Passages: Two-Time Olympic Medalist John Ferris Dies at 71

John Ferris

Passages: Two-Time Olympic Medalist John Ferris Dies at 71

A two-time medalist at the 1968 Olympic Games in Mexico City, John Ferris died over the weekend at the age of 71 following a battle with lung cancer. A member of a highly successful swimming family, along with sisters Carolyn and Joan, Ferris trained at the Arden Hills Swim Club in Northern California under coach Sherm Chavoor and later attended Stanford University, where he became an NCAA champion.

At the 1968 Olympics, Ferris earned his way onto a pair of podiums behind bronze-medal performances in the 200 individual medley and 200 butterfly. In the 200 medley, Ferris completed a sweep of the medals by the United States, as Charles Hickcox and Greg Buckingham claimed the gold and silver medals, respectively. In the 200 fly, Ferris secured the bronze medal behind American champion Carl Robie and silver medalist Martyn Woodroffe of Great Britain.

An NCAA champion in the 200-yard butterfly while at Stanford, Ferris briefly held the world record in the 200-meter butterfly in 1967. En route to winning the gold medal at the World University Games in Tokyo, Ferris produced a time of 2:06.0 to better the existing world record of 2:06.4, held by Mark Spitz. A little more than a month later, Spitz regained the standard when he posted a time of 2:05.7.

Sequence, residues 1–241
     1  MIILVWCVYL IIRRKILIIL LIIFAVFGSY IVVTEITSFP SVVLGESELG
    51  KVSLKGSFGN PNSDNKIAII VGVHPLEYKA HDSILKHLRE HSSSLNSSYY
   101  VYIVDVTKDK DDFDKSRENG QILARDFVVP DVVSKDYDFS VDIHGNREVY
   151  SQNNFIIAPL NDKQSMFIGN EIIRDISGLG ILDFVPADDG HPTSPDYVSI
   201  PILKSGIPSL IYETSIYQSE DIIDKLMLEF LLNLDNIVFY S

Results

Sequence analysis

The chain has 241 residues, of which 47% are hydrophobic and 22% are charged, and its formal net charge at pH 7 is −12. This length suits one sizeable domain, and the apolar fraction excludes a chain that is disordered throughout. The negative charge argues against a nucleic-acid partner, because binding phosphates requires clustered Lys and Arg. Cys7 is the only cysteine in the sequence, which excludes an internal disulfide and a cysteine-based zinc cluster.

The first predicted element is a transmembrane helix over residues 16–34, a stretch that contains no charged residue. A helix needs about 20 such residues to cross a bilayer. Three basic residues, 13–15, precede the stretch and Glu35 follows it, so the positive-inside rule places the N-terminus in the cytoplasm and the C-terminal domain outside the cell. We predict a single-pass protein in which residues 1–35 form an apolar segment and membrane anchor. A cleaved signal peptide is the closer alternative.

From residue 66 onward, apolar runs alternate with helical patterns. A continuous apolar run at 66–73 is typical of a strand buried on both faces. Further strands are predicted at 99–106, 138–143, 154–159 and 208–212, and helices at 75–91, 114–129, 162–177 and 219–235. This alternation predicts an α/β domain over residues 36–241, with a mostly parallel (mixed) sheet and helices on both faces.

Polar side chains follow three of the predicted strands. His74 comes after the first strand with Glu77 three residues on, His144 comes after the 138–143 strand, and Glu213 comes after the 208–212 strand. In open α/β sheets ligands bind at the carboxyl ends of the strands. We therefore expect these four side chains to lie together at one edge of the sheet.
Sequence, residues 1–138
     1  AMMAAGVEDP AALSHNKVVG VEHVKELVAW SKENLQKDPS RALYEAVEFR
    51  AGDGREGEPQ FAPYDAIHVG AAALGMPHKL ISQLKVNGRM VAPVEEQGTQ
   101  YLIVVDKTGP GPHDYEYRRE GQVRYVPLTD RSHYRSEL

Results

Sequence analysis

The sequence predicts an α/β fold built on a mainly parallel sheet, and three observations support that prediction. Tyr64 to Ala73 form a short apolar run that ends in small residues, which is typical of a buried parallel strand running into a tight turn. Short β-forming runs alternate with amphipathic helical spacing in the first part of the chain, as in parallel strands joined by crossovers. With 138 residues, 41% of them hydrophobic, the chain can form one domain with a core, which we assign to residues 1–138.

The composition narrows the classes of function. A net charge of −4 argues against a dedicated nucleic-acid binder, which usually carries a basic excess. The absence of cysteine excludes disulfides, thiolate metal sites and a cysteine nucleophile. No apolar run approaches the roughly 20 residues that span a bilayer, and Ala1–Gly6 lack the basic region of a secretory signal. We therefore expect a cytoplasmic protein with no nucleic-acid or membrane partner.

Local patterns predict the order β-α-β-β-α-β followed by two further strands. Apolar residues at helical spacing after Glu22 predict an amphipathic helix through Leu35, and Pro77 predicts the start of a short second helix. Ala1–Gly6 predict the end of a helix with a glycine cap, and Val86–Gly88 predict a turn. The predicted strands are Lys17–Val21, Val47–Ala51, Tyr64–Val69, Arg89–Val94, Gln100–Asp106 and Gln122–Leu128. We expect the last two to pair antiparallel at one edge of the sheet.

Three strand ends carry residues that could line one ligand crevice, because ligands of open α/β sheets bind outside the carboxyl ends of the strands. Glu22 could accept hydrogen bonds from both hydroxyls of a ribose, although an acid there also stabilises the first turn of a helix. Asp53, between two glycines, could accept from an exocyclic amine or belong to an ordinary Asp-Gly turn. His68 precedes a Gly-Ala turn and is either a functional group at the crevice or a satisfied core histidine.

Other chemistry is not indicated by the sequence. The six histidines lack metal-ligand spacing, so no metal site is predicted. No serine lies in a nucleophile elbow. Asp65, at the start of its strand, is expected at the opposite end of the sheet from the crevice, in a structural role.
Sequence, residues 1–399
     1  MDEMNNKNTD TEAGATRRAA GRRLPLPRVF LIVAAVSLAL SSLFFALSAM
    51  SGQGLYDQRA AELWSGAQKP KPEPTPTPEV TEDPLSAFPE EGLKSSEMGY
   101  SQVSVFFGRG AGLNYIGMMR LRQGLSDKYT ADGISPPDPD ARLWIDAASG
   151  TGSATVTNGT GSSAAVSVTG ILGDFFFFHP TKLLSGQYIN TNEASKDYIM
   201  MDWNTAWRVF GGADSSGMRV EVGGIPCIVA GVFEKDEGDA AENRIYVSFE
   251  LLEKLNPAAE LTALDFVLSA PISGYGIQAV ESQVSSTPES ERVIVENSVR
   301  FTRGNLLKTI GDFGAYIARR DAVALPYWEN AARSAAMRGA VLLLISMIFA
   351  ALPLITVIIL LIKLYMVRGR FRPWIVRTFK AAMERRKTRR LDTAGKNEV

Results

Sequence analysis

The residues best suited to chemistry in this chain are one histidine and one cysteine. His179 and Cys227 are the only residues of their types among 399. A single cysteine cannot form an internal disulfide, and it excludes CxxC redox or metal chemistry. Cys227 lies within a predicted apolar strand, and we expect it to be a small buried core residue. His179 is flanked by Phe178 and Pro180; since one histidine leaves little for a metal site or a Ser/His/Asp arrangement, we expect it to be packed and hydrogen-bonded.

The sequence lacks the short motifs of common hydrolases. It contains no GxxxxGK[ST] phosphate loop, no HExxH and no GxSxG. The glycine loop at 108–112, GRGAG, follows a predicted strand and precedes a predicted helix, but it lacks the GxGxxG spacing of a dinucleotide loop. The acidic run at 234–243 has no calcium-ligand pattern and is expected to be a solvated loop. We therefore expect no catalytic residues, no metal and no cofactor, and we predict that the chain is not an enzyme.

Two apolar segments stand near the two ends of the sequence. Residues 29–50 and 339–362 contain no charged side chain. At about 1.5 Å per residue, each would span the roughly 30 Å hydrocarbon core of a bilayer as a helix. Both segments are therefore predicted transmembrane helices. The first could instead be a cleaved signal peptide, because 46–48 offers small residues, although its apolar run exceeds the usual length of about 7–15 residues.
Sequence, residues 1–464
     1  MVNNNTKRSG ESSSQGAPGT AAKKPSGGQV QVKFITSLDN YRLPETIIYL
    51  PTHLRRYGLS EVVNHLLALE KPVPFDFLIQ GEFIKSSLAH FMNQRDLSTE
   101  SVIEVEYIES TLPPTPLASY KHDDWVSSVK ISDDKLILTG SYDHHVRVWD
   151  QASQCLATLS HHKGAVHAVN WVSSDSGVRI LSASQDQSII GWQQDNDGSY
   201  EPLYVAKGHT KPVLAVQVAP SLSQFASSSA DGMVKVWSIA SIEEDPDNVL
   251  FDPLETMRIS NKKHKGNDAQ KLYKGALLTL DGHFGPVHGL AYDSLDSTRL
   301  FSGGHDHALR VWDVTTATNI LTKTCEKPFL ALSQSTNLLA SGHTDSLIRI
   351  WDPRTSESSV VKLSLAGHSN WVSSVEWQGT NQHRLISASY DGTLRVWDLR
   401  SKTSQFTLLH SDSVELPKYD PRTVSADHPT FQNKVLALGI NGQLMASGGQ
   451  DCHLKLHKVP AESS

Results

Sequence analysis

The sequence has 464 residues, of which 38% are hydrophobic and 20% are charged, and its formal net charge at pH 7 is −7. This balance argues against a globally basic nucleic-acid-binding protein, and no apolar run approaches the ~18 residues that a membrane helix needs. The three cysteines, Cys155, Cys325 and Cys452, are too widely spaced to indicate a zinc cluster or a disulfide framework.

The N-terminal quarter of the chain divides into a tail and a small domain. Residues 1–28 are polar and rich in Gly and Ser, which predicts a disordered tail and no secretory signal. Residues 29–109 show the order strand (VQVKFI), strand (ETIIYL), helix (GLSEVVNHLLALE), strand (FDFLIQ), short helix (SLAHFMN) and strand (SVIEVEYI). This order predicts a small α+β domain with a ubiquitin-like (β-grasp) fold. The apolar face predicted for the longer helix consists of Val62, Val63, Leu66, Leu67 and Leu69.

Ferris enjoyed addition success at the 1970 World University Games, where he repeated his title in the 200 butterfly and also won gold in the 100 fly. Ferris added a third gold medal as a member of the United States’ 400 medley relay and he picked up a silver medal in the 400 individual medley, evidence of his versatility.

Swimming World is working on a further tribute to the life of Ferris.


  1. Mike Mcgowan

    I swam age group he was a age up from me. He had some exciting races against Mark Spitz during his age group days. During finals all the swimmers would run to the pool to see these races.

  2. avatar
    Lynn VidaliGautschi

    I went to Mexico with Johnny. I was fromSan Francisco. He was a great and crazy guy. He was a the toughest swimmer I new. He wasn’t very big but what guts! He will be missed!

  3. avatar

    Rest in eternal peace, Johnny?